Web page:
The maker George Dettmer left his signature GWD and the serial number 808 in the top corner of the soundboard.
The estimate was £1,000 - £2,000. More than usual for a square piano, but an instrument recently restored to this standard is worth much more than this. It sold for £2,100 hammer-price - surely good value.
Also a return appearance by the Sébastien Garnier haprsichord (Paris 1747)
The stand is later. Formerly the property of Michael Thomas, this one now has an estimate of £25,00 - £35,000. Sold for £38,000 hammer-price.
All pictures by, and by courtesy of, Gardiner Houlgate Limited.
Piano Auctions 13th December
These 'revival' instruments by Morley (as this example) and others are well-made and reliable, but usually fetch disappointing prices at auction. This one was in rather better adjustment than most; it played well (apart from the fact that the 4' was out-of-tune, but no surprise there...)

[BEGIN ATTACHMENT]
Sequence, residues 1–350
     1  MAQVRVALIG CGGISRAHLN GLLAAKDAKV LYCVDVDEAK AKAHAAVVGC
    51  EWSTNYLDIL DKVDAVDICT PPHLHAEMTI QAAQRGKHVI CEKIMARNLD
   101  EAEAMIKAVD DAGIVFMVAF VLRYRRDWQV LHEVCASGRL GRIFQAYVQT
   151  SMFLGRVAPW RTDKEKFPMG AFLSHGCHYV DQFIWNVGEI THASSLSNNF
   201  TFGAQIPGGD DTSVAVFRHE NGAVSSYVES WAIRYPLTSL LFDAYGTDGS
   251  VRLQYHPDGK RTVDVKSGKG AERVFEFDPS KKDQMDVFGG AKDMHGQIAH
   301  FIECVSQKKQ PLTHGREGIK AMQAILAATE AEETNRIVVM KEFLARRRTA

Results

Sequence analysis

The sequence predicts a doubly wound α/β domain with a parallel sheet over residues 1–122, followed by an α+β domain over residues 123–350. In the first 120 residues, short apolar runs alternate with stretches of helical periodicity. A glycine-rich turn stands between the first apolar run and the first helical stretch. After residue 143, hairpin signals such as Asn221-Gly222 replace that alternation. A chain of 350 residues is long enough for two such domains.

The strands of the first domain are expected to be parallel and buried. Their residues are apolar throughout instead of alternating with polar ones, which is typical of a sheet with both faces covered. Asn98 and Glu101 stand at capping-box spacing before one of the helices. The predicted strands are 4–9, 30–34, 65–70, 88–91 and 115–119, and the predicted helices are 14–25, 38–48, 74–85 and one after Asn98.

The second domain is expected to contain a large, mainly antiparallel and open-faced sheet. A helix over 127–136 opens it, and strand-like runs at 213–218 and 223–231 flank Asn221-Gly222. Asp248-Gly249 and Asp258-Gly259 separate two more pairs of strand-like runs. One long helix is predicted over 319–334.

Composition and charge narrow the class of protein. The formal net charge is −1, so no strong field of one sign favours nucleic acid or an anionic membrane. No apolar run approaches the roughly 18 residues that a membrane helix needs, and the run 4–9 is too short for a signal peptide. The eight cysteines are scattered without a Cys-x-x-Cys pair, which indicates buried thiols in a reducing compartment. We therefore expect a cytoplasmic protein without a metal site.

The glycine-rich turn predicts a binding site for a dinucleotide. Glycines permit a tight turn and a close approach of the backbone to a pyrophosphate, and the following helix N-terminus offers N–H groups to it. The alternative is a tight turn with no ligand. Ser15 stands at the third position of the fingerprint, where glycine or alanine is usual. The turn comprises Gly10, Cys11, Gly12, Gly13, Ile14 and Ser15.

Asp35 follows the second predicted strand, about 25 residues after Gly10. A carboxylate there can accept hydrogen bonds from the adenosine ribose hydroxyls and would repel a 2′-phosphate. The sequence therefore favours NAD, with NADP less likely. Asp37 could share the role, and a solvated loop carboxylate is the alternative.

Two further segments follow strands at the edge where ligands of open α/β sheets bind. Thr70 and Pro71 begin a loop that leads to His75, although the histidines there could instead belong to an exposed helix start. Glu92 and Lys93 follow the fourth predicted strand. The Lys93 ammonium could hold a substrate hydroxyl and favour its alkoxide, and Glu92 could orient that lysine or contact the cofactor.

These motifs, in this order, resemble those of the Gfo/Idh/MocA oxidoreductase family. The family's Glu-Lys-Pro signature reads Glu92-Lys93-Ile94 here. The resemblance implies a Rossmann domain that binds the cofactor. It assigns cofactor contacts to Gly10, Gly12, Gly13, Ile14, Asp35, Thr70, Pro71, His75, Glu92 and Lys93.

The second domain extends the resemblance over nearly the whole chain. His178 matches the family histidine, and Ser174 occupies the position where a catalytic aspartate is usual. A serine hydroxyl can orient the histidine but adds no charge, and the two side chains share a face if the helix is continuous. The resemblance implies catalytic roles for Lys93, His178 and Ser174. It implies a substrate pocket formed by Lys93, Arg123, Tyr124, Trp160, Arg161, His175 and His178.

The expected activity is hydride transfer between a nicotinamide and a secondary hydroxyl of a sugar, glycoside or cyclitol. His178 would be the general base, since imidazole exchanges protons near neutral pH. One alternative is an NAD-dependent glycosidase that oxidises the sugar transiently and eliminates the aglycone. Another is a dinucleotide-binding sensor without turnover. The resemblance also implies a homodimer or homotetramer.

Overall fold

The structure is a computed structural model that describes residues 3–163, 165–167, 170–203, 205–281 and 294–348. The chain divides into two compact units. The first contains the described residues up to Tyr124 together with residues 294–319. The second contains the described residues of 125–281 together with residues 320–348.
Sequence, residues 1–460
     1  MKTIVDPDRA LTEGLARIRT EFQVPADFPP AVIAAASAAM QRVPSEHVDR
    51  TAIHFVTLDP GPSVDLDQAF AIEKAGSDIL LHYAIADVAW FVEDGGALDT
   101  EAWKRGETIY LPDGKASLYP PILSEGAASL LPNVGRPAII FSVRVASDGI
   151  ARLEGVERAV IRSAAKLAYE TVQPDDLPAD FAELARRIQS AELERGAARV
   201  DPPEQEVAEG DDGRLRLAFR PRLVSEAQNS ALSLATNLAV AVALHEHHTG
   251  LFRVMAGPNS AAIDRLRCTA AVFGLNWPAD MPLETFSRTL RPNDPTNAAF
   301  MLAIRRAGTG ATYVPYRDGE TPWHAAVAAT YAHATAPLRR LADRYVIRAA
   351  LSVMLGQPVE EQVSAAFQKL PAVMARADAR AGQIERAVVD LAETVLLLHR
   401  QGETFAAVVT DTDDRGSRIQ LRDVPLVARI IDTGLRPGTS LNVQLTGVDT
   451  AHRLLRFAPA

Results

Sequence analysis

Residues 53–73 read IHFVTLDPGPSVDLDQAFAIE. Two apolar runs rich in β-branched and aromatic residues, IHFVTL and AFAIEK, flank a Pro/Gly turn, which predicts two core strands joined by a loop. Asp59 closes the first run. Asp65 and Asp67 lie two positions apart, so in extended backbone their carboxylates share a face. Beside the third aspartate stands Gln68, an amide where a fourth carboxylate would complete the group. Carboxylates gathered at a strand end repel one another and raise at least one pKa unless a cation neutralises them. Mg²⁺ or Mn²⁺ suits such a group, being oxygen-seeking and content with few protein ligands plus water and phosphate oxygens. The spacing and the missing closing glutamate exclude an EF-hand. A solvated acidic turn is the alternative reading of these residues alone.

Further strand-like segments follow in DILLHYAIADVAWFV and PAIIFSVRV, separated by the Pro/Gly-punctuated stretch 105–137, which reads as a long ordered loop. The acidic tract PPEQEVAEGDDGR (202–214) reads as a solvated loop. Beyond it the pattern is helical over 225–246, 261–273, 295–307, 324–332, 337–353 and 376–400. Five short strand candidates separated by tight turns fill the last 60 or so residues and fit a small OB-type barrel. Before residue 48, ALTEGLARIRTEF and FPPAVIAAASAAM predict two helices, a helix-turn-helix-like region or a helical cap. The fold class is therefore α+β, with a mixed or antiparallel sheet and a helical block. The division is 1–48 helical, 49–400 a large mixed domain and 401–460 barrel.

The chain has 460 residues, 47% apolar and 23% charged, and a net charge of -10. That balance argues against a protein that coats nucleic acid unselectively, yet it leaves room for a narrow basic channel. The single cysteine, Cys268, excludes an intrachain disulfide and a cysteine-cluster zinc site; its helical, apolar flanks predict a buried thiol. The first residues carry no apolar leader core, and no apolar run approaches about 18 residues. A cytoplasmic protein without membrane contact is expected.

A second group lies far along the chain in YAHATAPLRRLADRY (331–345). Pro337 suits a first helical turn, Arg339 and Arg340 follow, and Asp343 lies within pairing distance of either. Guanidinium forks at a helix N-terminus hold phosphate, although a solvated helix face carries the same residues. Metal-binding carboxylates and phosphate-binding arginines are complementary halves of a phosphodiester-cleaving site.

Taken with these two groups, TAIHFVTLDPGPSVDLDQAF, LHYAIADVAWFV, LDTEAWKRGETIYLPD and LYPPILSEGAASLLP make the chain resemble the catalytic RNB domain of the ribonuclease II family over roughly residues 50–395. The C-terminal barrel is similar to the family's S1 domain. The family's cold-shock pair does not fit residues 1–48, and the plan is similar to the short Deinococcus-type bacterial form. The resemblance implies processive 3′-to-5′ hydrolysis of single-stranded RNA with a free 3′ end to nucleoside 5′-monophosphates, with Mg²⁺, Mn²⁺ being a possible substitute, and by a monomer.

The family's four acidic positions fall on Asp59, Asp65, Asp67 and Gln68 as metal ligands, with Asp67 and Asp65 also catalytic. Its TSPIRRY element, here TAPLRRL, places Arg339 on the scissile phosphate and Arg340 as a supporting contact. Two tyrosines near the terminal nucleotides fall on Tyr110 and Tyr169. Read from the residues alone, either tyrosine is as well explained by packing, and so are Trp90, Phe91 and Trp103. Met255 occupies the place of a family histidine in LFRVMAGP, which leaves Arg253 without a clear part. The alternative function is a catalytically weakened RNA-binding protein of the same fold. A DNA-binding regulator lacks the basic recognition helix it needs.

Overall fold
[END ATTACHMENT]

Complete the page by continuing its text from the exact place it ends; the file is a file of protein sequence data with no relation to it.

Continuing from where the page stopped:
At an estimate of £600 - 800 it would have been a lot of harpsichord for the money, so it was encouraging to see it sell for £2,600 hammer (£3224 total). Still surely good value, though!
Gardiner Houlgate 14th December 2018
There were seven interesting keyboard instruments in the Gardiner Houlgate sale on 14th December.
Lot 1540 was a de Blaise double compact harpsichord, 8' + 4' stops. Against an estimate of just £100 - £200, it sold for a trivial hammer-price of just £65.
A Morley double harpsichord, 8' + 8' + 4', estimate £200 - £400. A lot of harpsichord for the money. It sold for £460; quite a contrast from its relative sold at Piano Auctions the day before (see above).
A nice-looking Samuel Bury square from the 1790s; estimate £700 - £1,000. Sold for £680
A very handsome 5½-octave Longman & Broderip. c. 1795; estimate £1,000 - £1,500. Sold for £1000
An 1811 5½ -octave Broadwood Grand; estimate £2,000 - £3,000. Sold for £4,600.
A modern harpsichord along classical lines, based on the Thomas Hitchcock double. Made by Richard Maunder in 2005; estimate £5,000 - £7,000. Not sold.
And finally a Broadwood 'wallclimber' upright, c.1835. Estimate £200 - £300. Sold for £1,350.